On this week's DecodeDC podcast, host Andrea Seabrook talks to three experts about a deceptively simple question: What responsibility does the U.S. have, if any, to respond to ISIS?
Many Americans have been surprised in recent weeks by the brutal takeover of large regions of Iraq and Syria by the fundamentalist regime as it threatens men, women and children who don’t comply with its violent form of strict Sharia law with the most atrocious consequences -- massacres, beheadings and crucifixions.
Earlier this week, President Barack Obama outlined his plan for military action against the group and announced the country would be working with a coalition of partners to degrade, and ultimately destroy, ISIS.
The experts we spoke with -- Bruce Hoffman, the director of Georgetown University’s Center for Security Studies; Justin Logan, the head of Foreign Policy Studies at the libertarian think tank The Cato Institute; and Jim Wallis, a public theologian and activist -- disagree on what action the U.S. should take against ISIS.
But they do not differ on these two facts: Americans are exhausted and war-weary. And they are desperate to return to a world where terrible threats don’t interrupt their lives with violent images.
By all accounts, this brutal form of Islamic fundamentalism and the terrorists who propagate it are not fading. The question is what could -- or should -- the United States do about it.
It aired only once. A one-minute spot during “The NBC Monday Night Movie.” But it changed every political ad that came after -- as well as the entire field of advertising.
The Daisy ad aired during the height of Lyndon B. Johnson’s re-election campaign, on the night of Sept. 7, 1964.
Republican Barry Goldwater, LBJ’s challenger, had said in speeches and interviews that he would be willing to use nuclear weapons to better America’s position in the Vietnam war.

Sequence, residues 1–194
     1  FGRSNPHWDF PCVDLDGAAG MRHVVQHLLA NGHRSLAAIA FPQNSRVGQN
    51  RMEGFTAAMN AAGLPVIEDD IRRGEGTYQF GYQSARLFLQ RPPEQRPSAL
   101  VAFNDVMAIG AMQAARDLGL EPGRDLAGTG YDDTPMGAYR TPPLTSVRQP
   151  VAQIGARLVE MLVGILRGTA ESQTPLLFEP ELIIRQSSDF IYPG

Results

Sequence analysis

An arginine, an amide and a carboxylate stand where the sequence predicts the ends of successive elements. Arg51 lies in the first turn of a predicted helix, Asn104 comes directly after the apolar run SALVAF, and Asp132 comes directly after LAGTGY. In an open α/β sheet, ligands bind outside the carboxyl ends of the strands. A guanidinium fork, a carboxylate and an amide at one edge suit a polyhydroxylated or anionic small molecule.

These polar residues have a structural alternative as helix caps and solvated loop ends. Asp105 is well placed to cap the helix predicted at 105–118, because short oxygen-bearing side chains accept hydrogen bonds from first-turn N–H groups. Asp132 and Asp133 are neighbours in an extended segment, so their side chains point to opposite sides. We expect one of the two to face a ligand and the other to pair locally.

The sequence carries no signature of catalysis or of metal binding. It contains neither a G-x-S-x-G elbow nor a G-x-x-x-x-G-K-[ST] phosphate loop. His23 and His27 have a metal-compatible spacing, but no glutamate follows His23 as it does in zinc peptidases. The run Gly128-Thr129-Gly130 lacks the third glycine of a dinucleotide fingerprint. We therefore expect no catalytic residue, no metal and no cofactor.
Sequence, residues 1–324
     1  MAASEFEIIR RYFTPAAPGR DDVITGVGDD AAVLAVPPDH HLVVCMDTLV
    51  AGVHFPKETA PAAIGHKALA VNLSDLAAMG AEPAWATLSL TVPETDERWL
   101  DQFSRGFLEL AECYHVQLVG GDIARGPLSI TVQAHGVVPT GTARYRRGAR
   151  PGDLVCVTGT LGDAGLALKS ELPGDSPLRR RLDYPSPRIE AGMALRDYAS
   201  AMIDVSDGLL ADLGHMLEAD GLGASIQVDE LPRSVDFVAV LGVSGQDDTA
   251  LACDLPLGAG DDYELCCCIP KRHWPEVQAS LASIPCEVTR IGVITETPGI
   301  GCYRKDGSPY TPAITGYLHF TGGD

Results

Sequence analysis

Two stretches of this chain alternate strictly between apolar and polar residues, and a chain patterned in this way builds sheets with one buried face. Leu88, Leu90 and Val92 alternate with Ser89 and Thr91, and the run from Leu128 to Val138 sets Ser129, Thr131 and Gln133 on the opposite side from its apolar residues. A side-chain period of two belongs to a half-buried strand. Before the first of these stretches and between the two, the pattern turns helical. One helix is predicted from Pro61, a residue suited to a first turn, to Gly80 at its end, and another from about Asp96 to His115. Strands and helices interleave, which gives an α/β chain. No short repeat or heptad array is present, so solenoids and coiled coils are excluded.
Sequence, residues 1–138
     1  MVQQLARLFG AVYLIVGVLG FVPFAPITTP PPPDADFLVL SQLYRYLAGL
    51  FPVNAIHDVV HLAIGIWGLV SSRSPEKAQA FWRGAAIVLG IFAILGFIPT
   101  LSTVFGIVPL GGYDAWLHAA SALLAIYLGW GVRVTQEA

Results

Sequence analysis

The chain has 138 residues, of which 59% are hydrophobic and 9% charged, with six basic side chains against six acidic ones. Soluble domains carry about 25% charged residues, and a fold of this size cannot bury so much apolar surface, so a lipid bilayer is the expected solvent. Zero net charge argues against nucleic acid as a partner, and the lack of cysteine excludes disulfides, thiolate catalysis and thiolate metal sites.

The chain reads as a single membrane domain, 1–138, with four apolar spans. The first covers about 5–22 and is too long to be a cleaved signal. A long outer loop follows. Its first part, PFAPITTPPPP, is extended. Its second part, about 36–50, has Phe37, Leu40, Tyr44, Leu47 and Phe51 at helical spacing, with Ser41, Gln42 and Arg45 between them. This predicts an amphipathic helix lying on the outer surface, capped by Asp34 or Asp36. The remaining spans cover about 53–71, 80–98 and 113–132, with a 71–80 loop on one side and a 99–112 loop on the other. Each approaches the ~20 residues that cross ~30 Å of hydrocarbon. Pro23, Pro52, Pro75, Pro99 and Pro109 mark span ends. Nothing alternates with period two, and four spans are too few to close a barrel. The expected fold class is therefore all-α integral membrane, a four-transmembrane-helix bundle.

The ad was the Johnson campaign’s attempt at exploiting Goldwater’s aggressive military stance. And it worked.
Johnson would go on to win re-election by a landslide.
The ad itself has a long-lasting legacy as well. Its mastermind was a man named Tony Schwartz, a young writer at a new kind of ad agency (one that would later be the inspiration for the AMC hit TV show, "Mad Men").
Rather than focusing on a candidate’s policy statements or plans for the future, as almost every political ad before it had done, Schwartz honed in on the viewers and their emotions. His aim was to create ads that evoked feelings the audience might already have, to “strike the responsive chord”, as he called it.
On this week’s podcast, host Andrea Seabrook talks to Joe Slade White, now one of the most sought after political consultants in American politics, and David Schwartz, chief curator of the Museum of the Moving Image in New York.
Their conversations range from the history and importance of the Daisy ad to the psychology that underlies it. It is critical background for the educated voter, especially in these times of political ads saturating the airwaves.
You can view political ads through U.S .history at The Museum of the Moving Image’s archive of political ads, The Living Room Candidate.
Americans can carry more guns in more places than ever before. Across the country, grassroots movements in states and on college campuses are demanding that gun regulations be relaxed -- and lawmakers are meeting those demands.
This is one, major trend reported by News21, an eight-month project in investigative reporting that brought together top journalism students to study one issue: Guns in America.
Here at DecodeDC we’re featuring many of the News21 stories, from the prevalence of women carrying guns to the refusal by some local authorities to enforce gun control laws. And last week’s DecodeDC podcast focused on the evolution of the political debate surrounding guns, and a smaller microcosm of that debate: Colorado.